Korn Ferry Tour golfer Jake Staiano received a three-month suspension on Friday for violating the PGA Tour betting policy.
The player on the PGA Tour’s feeder circuit was suspended for making four wagers totaling $116.20.
“I understand the principle,” said Staino, who considered appealing but ultimately decided against it. “I understand you can’t bet on golf. They lay it out perfectly. You take this integrity program. So I didn’t deny gambling.”
Staiano’s PGA Tour betting wagers
Staiano said he made a $25 prop bet on Bryson DeChambeau to make a Par-5 birdie at a PGA Tour event in 2021. He also made three other wagers on The Match between DeChambeau and Brooks Koepka in November 2021.
Staiano was hoping he would only get in trouble for the one PGA Tour bet, given that The Match was considered an exhibition.
“No excuses. I don’t have an excuse for it,” said Staiano, who added he’d taken the PGA Tour gambling integrity course two or three times already.
Still, he noted repeatedly there was no malicious intent. “I had no inside info,” he said.
Timeline of Korn Ferry suspension
Staiano said he was initially contacted by a PGA Tour official in May via text, and told he was involved in a potential integrity violation. A month later, he received a call from someone in the Colorado Division of Gaming, asking him to confirm whether he placed those bets. Staiano said yes.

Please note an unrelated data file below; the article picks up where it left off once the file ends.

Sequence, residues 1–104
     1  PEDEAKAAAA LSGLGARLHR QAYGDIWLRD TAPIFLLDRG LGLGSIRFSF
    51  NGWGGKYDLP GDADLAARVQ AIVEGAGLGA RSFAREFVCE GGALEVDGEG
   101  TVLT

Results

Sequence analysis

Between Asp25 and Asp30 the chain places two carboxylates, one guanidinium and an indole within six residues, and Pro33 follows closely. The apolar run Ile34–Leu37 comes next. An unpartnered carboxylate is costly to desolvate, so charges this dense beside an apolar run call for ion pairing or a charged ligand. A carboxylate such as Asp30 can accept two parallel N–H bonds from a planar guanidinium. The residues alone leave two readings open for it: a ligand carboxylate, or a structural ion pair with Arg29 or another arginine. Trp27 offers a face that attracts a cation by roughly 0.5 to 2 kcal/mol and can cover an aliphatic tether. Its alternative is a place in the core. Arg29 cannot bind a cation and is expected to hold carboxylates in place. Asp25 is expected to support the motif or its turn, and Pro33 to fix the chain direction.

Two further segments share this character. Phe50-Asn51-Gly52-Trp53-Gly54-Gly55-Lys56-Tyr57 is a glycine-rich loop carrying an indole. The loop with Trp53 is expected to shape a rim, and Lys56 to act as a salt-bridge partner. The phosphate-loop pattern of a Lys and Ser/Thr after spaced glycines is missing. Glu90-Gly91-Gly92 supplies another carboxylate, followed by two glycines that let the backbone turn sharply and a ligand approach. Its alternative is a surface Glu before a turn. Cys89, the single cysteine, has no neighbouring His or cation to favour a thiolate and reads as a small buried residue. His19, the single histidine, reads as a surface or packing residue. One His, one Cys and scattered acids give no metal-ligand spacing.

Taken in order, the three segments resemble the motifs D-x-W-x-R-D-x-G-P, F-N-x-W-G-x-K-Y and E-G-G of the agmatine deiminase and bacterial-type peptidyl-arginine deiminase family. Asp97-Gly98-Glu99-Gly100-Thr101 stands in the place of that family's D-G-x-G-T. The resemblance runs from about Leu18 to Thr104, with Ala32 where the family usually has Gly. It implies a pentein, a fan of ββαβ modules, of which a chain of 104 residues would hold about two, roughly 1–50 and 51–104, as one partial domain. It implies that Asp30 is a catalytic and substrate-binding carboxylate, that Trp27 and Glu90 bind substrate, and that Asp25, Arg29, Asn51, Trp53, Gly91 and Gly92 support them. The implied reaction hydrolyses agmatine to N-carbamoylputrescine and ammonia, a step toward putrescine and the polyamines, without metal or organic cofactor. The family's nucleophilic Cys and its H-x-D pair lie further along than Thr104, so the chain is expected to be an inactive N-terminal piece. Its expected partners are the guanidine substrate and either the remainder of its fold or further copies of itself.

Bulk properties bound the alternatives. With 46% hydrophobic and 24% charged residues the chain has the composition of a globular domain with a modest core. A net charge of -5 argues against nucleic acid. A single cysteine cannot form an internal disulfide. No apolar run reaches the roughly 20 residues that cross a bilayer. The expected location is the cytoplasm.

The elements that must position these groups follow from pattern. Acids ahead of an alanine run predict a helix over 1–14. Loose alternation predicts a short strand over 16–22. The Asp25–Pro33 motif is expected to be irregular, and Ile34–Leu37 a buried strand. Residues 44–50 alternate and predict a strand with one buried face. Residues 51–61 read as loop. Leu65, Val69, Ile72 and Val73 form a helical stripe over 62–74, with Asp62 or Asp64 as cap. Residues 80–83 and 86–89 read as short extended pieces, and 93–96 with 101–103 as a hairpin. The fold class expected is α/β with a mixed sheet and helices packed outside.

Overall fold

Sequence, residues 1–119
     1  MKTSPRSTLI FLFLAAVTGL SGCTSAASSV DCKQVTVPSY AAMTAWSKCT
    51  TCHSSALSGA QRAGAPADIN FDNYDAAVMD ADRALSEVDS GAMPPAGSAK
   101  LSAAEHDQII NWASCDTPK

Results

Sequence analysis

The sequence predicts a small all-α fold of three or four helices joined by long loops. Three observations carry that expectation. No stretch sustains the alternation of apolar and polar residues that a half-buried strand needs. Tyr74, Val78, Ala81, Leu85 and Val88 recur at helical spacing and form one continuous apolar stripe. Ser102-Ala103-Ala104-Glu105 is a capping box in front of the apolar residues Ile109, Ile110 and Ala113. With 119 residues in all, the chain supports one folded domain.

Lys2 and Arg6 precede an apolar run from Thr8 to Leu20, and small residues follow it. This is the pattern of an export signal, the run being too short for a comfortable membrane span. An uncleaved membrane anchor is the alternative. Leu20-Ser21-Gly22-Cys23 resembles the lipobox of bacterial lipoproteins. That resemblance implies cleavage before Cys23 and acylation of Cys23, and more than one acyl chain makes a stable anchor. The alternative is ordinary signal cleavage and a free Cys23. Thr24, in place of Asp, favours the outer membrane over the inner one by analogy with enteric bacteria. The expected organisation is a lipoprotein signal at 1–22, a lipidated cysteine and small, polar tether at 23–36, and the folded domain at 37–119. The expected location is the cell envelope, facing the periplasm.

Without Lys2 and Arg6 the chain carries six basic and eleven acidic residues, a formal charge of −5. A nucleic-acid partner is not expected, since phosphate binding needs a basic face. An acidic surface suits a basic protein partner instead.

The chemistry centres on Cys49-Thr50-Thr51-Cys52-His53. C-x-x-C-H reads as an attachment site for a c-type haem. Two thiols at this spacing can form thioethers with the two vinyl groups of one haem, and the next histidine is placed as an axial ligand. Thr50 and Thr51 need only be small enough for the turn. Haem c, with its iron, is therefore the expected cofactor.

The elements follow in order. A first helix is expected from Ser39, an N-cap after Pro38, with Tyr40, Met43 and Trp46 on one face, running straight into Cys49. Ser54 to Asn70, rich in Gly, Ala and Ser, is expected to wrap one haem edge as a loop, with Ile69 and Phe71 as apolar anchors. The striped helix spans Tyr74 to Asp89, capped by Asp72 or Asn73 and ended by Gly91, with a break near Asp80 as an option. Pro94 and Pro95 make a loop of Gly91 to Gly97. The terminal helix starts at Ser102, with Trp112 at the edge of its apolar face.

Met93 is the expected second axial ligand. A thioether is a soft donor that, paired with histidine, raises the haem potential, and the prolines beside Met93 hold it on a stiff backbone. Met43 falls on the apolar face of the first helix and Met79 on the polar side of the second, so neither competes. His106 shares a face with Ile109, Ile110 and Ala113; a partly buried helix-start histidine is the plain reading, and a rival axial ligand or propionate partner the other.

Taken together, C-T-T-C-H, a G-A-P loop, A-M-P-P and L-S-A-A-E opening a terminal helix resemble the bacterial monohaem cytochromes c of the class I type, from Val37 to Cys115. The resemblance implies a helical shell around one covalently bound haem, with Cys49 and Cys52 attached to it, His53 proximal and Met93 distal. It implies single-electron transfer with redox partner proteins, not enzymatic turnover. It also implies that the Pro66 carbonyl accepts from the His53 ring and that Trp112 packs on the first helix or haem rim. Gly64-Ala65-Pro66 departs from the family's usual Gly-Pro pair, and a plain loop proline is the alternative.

Staiano then received an email from PGA Tour Commissioner Jay Monahan informing him of his suspension, which runs Sept. 11-Dec. 11. The ban cost him a shot at participating in Q-School, the tour’s annual opportunity for minor-leaguers to move up.
“They hired a third-party investigator to basically do background checks on everybody affiliated with the PGA Tour. And anybody betting on golf was going to get flagged,” Staiano said.
The PGA Tour has a partnership with integrity monitor US Integrity through 2024.
No PGA Tour betting ban appeal
Staiano considered trying to appeal but learned that if he lost, he would have to pay each member of an independent three-person arbitration panel. In his mind, it ultimately was not worth it.
“I don’t want others to make the same mistake,” he said. “It may be career-altering. I don’t want that to happen to other people. It sucks. It’s a tough situation. It’s something I have to live with.”
Fellow KTP Tour golfer Vince India was banned six months for unspecified PGA Tour betting violations.
“The press release made it look like we were evil guys,” Staiano said. “That part was frustrating.”
Call for more transparency on bans
Sports law professor Jodi Balsam lamented on the lack of transparency in the suspensions to Golf Today Monday.
“What concerns me most about what the tour has done here is not that they penalized the golfers, but that they haven’t told us exactly why,” she said.
“And I think that’s in-part because sports governing bodies and leagues are inherently conflicted when confronted with integrity threats. They may want to cover them up or downplay incidents of corruption or cheating or unauthorized gambling for fear that any transparency might alienate fans. And they also may want to avoid interference by law enforcement that may breed an episode of corruption as a reason to institute some broader investigation.
“So while I think the PGA Tour is on the right track here in penalizing gambling by its players on its events, it could do more to be transparent on it.”